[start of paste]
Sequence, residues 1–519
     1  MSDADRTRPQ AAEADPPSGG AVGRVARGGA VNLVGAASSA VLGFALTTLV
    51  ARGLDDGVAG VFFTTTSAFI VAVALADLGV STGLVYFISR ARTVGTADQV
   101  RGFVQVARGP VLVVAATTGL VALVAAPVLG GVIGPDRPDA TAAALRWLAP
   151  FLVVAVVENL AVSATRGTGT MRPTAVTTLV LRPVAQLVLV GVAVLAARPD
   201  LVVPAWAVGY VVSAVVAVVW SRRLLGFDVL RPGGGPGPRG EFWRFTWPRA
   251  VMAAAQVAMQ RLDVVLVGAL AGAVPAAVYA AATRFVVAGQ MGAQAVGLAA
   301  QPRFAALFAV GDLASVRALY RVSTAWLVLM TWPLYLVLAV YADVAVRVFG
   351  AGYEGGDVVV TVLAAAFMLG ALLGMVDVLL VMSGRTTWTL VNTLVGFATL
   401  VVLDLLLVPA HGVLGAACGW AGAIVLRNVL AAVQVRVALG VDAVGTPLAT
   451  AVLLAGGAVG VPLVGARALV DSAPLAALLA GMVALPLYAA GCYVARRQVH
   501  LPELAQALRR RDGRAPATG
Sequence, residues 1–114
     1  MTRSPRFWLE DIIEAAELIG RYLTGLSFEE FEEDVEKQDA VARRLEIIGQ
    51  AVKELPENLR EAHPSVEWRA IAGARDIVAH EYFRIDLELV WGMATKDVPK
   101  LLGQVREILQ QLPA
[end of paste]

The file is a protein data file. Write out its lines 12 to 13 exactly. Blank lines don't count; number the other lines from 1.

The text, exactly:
   501  LPELAQALRR RDGRAPATG
Sequence, residues 1–114